A Grass-Roots Effort to Help Puerto Rico

Organizer George Gonzalez and volunteer Felicia Gil stand outside of A&G Child Care, where they collected donations all weekend to send to Puerto Rico. (Photo by Willa Rubin for Voices of NY)

After Hurricane Maria pummeled Puerto Rico, Bronx resident George Gonzalez wanted to help. He asked his staff at A&G Early Child Care Community Network if they could host a supply drive, and help collect relief supplies to ship to San Juan.

Gonzalez printed 2,000 flyers and distributed them around the community with his volunteers. He thought that maybe 20 people would stop by with donations on Sept. 23 and 24, since the call for donations was announced with short notice. But by Sunday morning, the office was packed with supplies.

“There were 300 people,” he said. “I was amazed. This weekend was a blessing. Now, we have no more room to put things.”

Gonzalez, who is deputy executive director of the child care site, which operates in the Tremont section of the borough, said Red Cross representatives in the Bronx will pick up the supplies and ship them to San Juan to be distributed to victims.

Gonzalez immigrated from Puerto Rico in the 1970s, and served on Community Board 6 for 30 years. He said he spoke to his sister in Puerto Rico right after the storm for about two minutes on Facebook. “Communication is still handicapped,” he said.

This isn’t his first time organizing a supply drive after a natural disaster. He organized one after an earthquake in Nicaragua in 1972, and another after Puerto Rico was hit by a hurricane in 1985.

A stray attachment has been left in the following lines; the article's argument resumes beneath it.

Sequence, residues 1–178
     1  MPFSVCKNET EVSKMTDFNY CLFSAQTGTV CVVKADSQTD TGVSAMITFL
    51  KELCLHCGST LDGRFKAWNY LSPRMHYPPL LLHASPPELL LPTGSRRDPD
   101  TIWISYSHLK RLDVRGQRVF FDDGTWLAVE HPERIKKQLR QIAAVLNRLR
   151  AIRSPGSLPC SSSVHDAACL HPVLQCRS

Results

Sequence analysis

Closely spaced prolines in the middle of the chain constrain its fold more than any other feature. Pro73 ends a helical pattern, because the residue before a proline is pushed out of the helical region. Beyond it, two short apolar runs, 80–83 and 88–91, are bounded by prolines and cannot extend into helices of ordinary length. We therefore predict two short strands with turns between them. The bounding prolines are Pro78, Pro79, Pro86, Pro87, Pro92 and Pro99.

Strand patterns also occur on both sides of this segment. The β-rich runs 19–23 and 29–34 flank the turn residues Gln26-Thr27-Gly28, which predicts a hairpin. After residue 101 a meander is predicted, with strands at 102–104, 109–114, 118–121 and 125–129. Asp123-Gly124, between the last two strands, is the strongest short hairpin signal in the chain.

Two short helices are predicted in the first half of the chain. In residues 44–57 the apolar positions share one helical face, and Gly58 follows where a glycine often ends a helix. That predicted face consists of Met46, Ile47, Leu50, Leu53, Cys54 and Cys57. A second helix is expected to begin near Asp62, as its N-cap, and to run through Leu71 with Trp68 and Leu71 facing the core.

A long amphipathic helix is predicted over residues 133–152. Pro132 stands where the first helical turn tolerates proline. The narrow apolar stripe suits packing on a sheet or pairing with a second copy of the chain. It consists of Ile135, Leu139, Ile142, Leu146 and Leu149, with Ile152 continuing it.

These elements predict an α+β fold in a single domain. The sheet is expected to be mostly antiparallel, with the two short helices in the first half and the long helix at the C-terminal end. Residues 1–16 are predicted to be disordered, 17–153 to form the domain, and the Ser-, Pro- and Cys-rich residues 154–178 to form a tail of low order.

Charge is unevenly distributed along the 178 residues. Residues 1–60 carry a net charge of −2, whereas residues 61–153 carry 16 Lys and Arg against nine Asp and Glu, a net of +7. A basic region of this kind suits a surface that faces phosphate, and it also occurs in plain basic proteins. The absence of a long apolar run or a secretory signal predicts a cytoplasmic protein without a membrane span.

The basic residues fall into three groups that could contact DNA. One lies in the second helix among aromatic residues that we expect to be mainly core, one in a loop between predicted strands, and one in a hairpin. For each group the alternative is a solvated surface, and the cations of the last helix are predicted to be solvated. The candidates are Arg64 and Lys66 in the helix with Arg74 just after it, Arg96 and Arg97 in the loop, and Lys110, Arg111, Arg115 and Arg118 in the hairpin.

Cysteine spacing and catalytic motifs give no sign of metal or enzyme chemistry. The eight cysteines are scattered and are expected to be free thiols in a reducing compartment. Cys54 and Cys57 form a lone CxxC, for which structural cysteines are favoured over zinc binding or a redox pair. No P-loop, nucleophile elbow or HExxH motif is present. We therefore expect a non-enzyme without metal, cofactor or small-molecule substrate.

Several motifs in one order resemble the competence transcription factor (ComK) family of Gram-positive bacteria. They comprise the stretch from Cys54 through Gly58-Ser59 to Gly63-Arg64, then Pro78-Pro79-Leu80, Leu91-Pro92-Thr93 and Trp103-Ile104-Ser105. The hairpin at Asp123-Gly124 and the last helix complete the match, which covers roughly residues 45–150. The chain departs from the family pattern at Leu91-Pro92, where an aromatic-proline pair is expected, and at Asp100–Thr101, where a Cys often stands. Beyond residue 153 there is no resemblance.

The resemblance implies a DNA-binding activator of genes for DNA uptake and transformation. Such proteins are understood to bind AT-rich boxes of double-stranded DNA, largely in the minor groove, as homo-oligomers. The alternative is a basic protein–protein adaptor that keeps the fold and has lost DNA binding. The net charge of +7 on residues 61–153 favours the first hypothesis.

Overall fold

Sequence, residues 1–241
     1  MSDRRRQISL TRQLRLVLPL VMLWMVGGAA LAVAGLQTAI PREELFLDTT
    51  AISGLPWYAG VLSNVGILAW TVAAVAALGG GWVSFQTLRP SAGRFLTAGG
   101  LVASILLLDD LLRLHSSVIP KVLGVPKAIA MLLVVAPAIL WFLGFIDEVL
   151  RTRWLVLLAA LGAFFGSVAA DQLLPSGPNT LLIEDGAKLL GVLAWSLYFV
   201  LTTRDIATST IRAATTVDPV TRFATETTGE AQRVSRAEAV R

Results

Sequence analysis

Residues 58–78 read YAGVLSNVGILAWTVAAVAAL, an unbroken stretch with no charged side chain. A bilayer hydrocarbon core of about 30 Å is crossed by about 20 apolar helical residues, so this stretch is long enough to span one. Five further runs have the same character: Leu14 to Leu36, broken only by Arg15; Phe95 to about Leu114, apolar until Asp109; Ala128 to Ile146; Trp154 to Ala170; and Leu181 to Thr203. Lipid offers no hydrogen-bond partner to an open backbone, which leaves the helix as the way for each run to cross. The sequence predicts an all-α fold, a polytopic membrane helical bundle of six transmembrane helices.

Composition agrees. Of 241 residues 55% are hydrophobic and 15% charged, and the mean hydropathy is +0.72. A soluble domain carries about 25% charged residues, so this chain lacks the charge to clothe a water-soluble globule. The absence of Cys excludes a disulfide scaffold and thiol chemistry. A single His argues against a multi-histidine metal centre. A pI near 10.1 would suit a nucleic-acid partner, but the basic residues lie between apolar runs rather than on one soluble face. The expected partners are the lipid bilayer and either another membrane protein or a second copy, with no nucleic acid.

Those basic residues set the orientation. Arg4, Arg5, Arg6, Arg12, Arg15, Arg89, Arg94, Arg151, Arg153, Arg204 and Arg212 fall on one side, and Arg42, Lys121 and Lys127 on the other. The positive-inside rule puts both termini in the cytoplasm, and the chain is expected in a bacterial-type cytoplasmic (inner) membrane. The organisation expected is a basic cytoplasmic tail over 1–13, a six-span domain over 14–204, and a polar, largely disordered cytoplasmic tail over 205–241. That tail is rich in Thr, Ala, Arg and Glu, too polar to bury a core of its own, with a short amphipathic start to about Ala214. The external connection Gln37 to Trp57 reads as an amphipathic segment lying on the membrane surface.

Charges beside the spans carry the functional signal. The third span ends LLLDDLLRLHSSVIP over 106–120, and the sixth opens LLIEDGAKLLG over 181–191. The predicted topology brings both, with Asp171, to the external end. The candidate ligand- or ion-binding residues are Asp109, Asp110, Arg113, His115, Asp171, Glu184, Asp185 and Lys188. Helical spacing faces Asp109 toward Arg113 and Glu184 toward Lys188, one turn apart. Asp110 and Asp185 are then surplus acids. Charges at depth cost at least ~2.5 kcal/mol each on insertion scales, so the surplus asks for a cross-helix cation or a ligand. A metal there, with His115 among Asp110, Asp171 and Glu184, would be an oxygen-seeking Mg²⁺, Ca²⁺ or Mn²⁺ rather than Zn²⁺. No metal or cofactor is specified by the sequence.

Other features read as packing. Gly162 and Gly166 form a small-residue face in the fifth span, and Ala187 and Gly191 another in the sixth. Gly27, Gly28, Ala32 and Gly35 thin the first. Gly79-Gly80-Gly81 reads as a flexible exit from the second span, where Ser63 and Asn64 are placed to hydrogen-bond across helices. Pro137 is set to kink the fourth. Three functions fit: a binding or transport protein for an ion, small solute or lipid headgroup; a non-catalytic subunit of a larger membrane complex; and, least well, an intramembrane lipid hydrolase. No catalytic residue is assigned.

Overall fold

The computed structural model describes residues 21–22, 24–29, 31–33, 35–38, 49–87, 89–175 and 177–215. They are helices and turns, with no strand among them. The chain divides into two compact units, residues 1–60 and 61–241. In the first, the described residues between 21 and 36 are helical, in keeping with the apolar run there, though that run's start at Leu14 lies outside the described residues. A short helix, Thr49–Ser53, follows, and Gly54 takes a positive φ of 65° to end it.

Gonzalez said it’s important to send supplies, not just money. “It’s easier to get supplies to people directly than money,” he said.

One of the first donors this weekend was another Puerto Rican native, George Rabel, who runs a bodega next door to the A&G building. Rabel, a veteran who fought in the Korean War, brought five cases of supplies from his store. “My first country is Puerto Rico. My second is here,” he said.

Volunteer Felicia Gil facilitating a supply dropoff on Sept. 24, 2017. (Photo by Willa Rubin for Voices of NY)

Rabel said he wasn’t surprised at the community response to Gonzalez’s plea. “Gonzalez works hard,” said Rabel. “He speaks people’s language. People respond to him.”

Orlando Rosario dropped by on Sunday to bring donations after serving as an usher at his local church. He said he was going back to BJ’s Wholesale Club to pick up more. “Everyone is doing something,” he said. “Even if you have nothing. You do it out of good faith.”

Yvette Lopez, an assistant principal at P.S. 66, said, “I brought cases of water, batteries, anything that can help. It’s always important to help people in need. We’re humans and it’s our responsibility to help.”

In recent days, larger relief efforts, featuring politicians from Gov. Andrew Cuomo to Mayor Bill de Blasio, and drawing celebrities like Jennifer Lopez, have been announced. And in the Bronx, City Council member Salamanca and state Sen. Ruben Diaz are each planning supply drives. But the effort undertaken by Gonzalez and his volunteers shows how strongly and how swiftly a small community can respond. Gonzalez said if his volunteers can take the time next weekend, he’ll do it again.

“The last hurricane brought Puerto Rico down, but this one brought it down even more,” Gonzalez said. “The water demolished everything – it’s gonna take years to build it back.”

Willa Rubin is a member of the 2018 class of the CUNY Graduate School of Journalism.

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